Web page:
The country’s so-called restitution laws – intended to ensure that people whose land had been confiscated by the Communist regime got it back, or were fairly compensated – has never worked entirely as planned. Though the Ceaușescu regime has been gone for nearly 30 years, tens of thousands of cases are still pending.

The laws exempted public land – which includes military land – mandating that those petitioning for it be compensated with different land elsewhere or with money.

But that’s not what happened in this case. In December 2004, the mayor’s office of Corbu, the seaside municipality near the base, realized that over 8,700 hectares of partly marshy land on its outskirts were unincorporated, so they registered the land as belonging to the town. About 422 hectares lay in the restricted military area.

Credit: RISE Project Aerial image with the military base used by NATO soldiers since the '90s. At least 130 hectares of the restricted area is now owned by the relatives of the Syrian dictator.

In 2006, local officials began to divide this land into plots and issued property titles for those who could prove that their land had been confiscated. According to municipal documents examined by reporters, this was done even though the mayor’s office knew that the land belonged to the military and should not have been parceled out. According to the press office of the Ministry of National Defense, by issuing the property titles, the authorities in Corbu and Constanța were in violation of the restitution law.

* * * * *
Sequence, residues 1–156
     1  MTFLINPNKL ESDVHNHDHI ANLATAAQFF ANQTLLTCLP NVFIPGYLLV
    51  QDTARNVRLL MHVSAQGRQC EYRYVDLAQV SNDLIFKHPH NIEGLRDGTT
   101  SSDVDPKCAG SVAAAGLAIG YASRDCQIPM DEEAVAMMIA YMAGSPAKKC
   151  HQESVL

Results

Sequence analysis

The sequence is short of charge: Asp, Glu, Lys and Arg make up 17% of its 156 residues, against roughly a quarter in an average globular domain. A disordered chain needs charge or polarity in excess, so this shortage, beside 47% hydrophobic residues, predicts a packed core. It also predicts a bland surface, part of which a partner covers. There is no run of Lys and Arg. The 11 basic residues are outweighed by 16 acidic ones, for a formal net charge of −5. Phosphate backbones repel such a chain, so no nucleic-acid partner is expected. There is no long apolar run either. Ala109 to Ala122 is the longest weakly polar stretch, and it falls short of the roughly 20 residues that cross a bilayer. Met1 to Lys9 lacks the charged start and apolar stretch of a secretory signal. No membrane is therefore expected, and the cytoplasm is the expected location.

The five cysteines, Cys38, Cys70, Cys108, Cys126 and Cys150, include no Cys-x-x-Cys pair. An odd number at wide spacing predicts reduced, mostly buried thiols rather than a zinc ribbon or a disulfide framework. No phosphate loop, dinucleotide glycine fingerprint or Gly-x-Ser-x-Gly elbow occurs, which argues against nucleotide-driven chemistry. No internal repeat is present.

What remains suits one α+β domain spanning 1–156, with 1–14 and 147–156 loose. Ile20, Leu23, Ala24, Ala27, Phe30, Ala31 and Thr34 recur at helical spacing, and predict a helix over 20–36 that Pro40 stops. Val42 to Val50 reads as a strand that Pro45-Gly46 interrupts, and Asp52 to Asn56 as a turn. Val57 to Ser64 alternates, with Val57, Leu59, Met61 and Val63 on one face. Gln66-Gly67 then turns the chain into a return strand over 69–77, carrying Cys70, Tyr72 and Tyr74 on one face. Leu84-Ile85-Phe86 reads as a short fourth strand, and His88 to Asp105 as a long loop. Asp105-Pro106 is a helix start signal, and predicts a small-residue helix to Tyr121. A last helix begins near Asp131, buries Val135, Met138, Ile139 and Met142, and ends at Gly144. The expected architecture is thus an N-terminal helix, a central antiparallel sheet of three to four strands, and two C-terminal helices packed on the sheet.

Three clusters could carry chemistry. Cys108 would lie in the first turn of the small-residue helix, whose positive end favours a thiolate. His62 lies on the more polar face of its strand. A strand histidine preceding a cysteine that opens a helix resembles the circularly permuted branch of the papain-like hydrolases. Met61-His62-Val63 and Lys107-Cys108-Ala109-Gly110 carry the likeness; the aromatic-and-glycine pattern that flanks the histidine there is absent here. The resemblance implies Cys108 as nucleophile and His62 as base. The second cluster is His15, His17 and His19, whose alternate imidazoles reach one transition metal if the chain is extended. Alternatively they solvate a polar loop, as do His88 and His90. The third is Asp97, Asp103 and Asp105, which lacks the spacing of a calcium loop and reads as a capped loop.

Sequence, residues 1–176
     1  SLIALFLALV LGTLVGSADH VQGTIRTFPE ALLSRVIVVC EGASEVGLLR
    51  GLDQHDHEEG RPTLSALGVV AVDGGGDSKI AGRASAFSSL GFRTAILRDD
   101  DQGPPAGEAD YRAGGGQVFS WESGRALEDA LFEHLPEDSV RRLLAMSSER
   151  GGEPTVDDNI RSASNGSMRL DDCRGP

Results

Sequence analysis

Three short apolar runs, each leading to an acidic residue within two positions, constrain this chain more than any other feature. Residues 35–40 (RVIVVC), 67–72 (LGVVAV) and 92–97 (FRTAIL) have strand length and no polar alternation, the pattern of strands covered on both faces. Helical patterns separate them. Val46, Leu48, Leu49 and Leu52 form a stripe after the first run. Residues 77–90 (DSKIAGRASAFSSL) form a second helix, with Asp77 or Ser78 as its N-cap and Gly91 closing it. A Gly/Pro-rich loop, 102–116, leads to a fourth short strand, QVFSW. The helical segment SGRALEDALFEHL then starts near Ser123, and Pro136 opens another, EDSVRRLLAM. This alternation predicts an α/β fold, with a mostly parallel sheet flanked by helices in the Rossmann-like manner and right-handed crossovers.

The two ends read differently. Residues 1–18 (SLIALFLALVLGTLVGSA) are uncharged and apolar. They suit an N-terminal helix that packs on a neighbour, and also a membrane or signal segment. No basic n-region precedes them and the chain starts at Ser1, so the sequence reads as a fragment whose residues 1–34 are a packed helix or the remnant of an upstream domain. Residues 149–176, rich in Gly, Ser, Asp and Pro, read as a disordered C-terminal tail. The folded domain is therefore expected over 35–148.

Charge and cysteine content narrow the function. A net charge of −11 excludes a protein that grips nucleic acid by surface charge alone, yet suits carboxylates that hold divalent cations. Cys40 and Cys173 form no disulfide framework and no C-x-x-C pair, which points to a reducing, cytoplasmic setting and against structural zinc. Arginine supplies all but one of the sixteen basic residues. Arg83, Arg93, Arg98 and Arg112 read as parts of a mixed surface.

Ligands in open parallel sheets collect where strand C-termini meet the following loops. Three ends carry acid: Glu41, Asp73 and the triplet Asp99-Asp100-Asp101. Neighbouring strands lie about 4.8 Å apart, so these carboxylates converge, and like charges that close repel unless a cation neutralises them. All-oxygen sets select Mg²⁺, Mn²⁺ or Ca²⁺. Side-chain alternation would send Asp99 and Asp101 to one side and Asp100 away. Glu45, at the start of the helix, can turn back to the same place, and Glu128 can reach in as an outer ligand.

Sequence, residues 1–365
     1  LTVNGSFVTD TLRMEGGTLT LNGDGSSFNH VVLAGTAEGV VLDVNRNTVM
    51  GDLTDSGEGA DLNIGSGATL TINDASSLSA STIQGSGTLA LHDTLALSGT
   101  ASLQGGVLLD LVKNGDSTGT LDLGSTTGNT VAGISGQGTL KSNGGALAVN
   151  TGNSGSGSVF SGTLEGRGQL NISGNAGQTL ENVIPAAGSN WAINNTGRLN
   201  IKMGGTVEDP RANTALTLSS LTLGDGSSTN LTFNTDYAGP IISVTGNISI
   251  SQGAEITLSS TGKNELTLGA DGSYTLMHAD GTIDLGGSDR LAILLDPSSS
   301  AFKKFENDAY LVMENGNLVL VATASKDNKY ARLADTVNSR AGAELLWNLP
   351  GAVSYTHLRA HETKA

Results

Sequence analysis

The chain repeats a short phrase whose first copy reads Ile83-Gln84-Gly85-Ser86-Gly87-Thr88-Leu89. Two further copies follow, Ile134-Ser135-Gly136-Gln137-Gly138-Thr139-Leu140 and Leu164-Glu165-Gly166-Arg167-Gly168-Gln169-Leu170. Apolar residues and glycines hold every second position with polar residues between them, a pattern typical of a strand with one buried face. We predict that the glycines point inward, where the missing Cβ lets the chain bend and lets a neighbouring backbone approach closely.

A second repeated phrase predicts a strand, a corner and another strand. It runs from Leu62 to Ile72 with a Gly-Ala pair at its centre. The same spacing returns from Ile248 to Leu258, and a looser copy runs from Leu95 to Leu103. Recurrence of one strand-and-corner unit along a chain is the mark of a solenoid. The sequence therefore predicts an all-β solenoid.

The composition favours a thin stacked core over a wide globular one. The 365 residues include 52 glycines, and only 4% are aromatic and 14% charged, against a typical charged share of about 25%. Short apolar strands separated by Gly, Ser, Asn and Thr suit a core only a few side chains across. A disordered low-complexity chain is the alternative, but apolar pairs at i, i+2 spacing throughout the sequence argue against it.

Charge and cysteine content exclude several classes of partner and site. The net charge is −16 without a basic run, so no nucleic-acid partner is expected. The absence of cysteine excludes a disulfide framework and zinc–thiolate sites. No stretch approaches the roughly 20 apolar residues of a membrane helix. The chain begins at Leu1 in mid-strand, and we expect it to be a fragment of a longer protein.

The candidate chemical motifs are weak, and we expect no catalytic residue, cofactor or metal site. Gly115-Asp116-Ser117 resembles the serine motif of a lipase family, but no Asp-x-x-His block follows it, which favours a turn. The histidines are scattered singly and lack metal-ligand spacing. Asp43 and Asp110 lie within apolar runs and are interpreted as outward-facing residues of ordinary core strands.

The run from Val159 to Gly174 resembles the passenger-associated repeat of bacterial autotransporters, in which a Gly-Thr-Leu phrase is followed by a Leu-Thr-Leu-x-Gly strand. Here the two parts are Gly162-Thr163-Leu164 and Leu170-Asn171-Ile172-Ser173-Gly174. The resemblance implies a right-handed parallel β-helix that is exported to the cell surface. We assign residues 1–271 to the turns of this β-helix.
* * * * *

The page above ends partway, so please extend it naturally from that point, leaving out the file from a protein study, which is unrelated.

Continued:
But what’s done was done. This is where an enterprising group of local land-flippers got involved.

Meet the ‘Land Flippers’

The story involves two local men named Liviu Dorin Bamburic and Dragos Bostina.

After the Corbu land became available, the two started a land business with a simple plan.

First, Bostina was to identify the original owners of the land confiscated by the Communists. Then Bamburic would raise enough money to buy up their rights to the land at low prices. This was possible because many of the potential owners knew just how torturous these restitution cases could be – in some cases, they could drag on for years. Instead of dealing with the authorities, why not sell right away to a local entrepreneur?

The rights now acquired, the last step in Bamburic and Bostina’s plan was to flip the properties and resell them for at least ten times the price. It worked like a charm, earning the two men millions of euros.

But things soon went south. The two partners had a dispute over the money that nearly turned deadly. In January 2008, while on the way to his girlfriend’s house, Bamburic was shot times by several men.

Bamburic is sure that Bostina is the one who commissioned the attack, and tried to prove this in court. He says he hadn’t spoken to his old partner since the previous year, and never did so again.

But over the following year, both men became land suppliers for the Syrians.

According to local land records, at least 20 sales, totaling about 80 hectares of restricted military land, were made to Horaizing by Bamburic, Bostina, and several of their friends in 2009 and 2010.

Bamburic explained to reporters that he had met Asaad, the company’s founder and shareholder, in the 1990s, when they were both in the lumber business. “When I met him, he was just a dealer,” he said. “I was selling him wood, and he was selling it further to the Arab countries. He had money.”